The Pros and Cons of Geothermal Heat
Geothermal energy provides so many benefits to people and their homes. They’re not only safe and healthy but they’re cost effective as well. This is the reason why the geothermal heating system is gaining popularity in the different parts of the globe and might even become the most preferred in the future.
Geothermal energy comes from the ground. When heat is at its peak during the summer months, the earth absorbs the heat and retains it even until the winter season. Underneath the earth, a temperature between 8 and 14 degrees Celsius is maintained the whole year through. And so with the use of a ground source heat pump, underground heat can be provided to your home at a very low cost without doing any harm to the environment.
A geothermal heating system is made up of pipes and a heat pump. Installing this type of
heating system entails the digging of long trenches underground about two meter deep or the so-called vertical boreholes. Pipes are laid in these trenches to form a closed circuit filled with water which acts as the heat absorber.
When water reaches the heat pump, the heat is further compressed to produce more heat and increase the temperature to a maximum of 50 to 55 degrees Celsius. The heat pump is similar to the size and shape of a small fridge and functions in the same way.
The heat produced by the system can then be circulated throughout the home using an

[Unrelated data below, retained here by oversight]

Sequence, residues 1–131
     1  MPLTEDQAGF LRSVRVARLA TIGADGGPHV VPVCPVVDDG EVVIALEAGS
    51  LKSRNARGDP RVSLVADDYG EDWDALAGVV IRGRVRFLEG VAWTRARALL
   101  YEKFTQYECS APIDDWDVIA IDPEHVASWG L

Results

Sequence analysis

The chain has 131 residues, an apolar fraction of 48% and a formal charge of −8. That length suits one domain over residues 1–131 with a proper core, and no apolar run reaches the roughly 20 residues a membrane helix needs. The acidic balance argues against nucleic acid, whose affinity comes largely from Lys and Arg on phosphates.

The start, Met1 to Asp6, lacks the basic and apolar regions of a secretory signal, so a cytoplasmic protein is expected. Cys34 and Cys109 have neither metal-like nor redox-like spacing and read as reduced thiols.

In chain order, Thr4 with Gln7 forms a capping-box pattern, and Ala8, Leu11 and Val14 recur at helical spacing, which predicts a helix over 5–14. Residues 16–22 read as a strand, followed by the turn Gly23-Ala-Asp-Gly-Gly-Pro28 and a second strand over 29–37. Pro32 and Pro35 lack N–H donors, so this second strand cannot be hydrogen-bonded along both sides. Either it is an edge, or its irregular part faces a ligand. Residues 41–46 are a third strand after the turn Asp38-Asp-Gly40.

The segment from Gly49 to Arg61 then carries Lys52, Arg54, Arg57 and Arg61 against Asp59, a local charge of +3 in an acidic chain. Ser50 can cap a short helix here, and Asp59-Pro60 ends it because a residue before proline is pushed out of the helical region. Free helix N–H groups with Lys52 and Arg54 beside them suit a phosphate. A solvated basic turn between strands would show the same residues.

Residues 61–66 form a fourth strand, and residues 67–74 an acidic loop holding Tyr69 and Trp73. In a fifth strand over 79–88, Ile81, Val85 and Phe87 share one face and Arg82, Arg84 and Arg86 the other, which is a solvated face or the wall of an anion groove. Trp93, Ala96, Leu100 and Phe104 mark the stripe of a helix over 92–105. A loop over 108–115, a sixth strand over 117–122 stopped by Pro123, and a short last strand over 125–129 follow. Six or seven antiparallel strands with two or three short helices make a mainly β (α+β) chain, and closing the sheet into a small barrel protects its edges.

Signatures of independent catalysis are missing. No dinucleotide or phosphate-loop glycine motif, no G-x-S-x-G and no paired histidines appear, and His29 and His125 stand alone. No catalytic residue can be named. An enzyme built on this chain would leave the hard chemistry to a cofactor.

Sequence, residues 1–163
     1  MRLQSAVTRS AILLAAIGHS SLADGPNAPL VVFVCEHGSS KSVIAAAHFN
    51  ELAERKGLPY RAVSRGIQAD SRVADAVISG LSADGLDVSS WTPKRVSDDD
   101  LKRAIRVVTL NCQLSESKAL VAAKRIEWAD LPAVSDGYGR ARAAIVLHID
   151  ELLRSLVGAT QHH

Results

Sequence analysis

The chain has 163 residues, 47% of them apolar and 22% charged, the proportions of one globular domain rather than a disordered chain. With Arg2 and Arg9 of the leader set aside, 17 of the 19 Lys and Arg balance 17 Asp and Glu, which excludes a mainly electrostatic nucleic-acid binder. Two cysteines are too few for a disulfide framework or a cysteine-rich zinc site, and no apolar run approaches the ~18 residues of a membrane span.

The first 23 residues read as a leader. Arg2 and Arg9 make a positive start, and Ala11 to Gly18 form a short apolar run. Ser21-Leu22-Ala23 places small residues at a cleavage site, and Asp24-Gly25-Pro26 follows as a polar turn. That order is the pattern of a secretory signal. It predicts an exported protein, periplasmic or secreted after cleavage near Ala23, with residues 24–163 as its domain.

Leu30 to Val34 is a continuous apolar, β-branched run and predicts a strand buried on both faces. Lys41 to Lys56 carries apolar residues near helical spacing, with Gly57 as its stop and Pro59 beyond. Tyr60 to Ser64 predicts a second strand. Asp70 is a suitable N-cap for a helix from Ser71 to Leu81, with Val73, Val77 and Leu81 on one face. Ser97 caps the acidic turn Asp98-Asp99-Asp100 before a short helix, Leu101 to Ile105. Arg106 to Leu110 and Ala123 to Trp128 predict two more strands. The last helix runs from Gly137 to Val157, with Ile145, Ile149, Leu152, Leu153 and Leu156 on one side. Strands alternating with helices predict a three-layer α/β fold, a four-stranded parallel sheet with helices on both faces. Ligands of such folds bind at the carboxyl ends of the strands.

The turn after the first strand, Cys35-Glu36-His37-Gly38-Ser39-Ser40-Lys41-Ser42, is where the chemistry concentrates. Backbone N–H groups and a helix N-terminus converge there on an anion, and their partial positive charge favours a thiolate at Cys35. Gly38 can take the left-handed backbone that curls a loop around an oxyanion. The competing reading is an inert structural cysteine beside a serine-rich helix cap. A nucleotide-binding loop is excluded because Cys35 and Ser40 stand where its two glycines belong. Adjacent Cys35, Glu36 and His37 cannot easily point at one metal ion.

under floor heating system which operates at far lower temperatures compared to ordinary central heating units.
This system can also be used together with a conventional immersion heater to increase water temperature for radiators or as a source of hot water for purposing of washing or bathing.
Pros and cons
The foremost advantage of geothermal heating is its being environment-friendly. Its source of energy is natural, the heat from the underneath the earth, so there’s no worry about any hazardous effects to the surroundings unlike those that burn fossil fuels. There’s no tax imposed and there’s always constant supply.
Secondly, it’s efficient and cost
effective. Being energy efficient means less electricity costs and this, in turn, leads to savings. Additionally, this is around 70 percent cheaper than heating a home using electric heating, oil or liquefied petroleum gas.
A third benefit is its compact size. A typical geothermal heating using a heat pump is just about the same size as a small fridge and works in two ways – for both heating and cooling.
Another advantage is its low maintenance. As natural ground energy is used, no hazardous chemicals are produced, no flammable oil, LPG or gas pipes, fuel tanks or chimney are used. No regular servicing or yearly checks are required.
On the contrary, some disadvantages found for this system include the use of refrigerants. Refrigerants as well as the electricity to power the heat pump are not totally eco-friendly.
Wide space and long pipes are also needed to lay the pipe system in trenches which means it is not ideal for suburban neighborhoods which are densely populated. The pipes may prove difficult to repair as they’re underground.
Lastly, for areas that need vertical installation of pipes, drilling may be a hard task and a big rig is even required.